Drama finds the most relatable situations when family is involved. Regardless of the extent of their dysfunction, the dynamics of blood trump almost all other means of tension. Other strong elements are milling the past for regret, the death of someone beloved unexpectedly, or the intrusion of a person or event that forcefully reshapes everything it touches. “This is Where I Leave You” seeks to explore it all.
Judd Altman (Jason Bateman) has played things simple for the sole purpose of achieving his ideal life. When Judd returns home early from work to surprise his wife on her birthday, he finds he mid coitus with his boss. Shortly afterward, Judd learns his father has passed away. As his life sits in crumbles, unemployed and divorcing Judd must now spend a week with his siblings and mother as they grieve collectively. Though Judd is struggling, his brothers and sisters are having issues and secrets all their own: older brother Paul (Corey Stoll) and his wife are desperate to have a child; sister Wendy (Tina Fey) is married to a man more focused on his phone; and youngest Phillip (Adam Driver) exists in a blissful hormone-fueled reality where he doesn’t have to grow up.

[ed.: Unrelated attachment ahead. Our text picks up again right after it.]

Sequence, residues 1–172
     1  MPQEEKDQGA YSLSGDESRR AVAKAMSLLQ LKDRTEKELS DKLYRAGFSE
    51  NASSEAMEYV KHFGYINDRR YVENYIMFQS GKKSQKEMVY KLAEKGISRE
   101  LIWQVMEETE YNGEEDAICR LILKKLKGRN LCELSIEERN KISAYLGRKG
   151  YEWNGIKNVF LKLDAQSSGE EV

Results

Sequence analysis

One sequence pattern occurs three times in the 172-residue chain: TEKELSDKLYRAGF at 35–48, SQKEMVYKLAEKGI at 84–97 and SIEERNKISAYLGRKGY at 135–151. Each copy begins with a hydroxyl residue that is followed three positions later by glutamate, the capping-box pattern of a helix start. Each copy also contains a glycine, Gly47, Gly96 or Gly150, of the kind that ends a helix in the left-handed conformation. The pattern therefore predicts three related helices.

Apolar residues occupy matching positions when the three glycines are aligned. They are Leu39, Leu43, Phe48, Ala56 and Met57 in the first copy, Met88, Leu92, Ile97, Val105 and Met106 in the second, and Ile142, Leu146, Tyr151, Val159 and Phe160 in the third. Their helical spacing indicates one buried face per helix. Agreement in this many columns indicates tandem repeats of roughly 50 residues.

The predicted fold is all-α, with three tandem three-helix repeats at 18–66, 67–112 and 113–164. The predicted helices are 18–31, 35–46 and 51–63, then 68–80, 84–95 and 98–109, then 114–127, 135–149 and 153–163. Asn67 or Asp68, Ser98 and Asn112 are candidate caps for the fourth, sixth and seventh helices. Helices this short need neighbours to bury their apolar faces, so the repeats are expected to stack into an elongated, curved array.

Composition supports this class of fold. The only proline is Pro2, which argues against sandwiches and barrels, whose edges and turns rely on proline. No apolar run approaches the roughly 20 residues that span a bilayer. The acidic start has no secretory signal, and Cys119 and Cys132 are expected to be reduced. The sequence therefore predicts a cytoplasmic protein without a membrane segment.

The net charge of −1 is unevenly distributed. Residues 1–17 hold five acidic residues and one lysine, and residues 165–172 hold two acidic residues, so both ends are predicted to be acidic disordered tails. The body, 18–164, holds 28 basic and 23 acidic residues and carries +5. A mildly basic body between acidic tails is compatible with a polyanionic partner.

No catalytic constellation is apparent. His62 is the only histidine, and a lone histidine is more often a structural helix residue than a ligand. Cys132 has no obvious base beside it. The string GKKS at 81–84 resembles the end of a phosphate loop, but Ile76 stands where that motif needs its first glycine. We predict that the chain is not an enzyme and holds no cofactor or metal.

Bateman was the ideal candidate for Judd. The balance of levity and severe pain is worn on his face in every scene. Backed by a cast largely known for television shows, the Altman is a dysfunctional bunch. Anchoring the clan is Jane Fonda as a therapist/writer that has mined the child’s lives for content, pushing the family to confront each other again and again. The only problem is the execution.
The script seems competent enough, but aims for the most rudimentary clichés in family melodrama. This feels like a rip-off of “The Big Chill” that swaps a group of estranged friends for an estranged family. It hits all the paint-by-numbers twists of infidelity, loss, new love, and regret that remove any excitement of the story. Those who enjoy the movie will do so because of the individual performances. Bateman and Fey have solid chemistry and are always a pleasure to watch. Underused Rose Byrne and Timothy Olyphant shine in the little screen time given.
In the end, the performances can’t elevate the film above mediocrity. They give it their all, but the attempt only heightens the melodrama. With a cast likes this it should have been a slam dunk. 2.5 out of 5 stars
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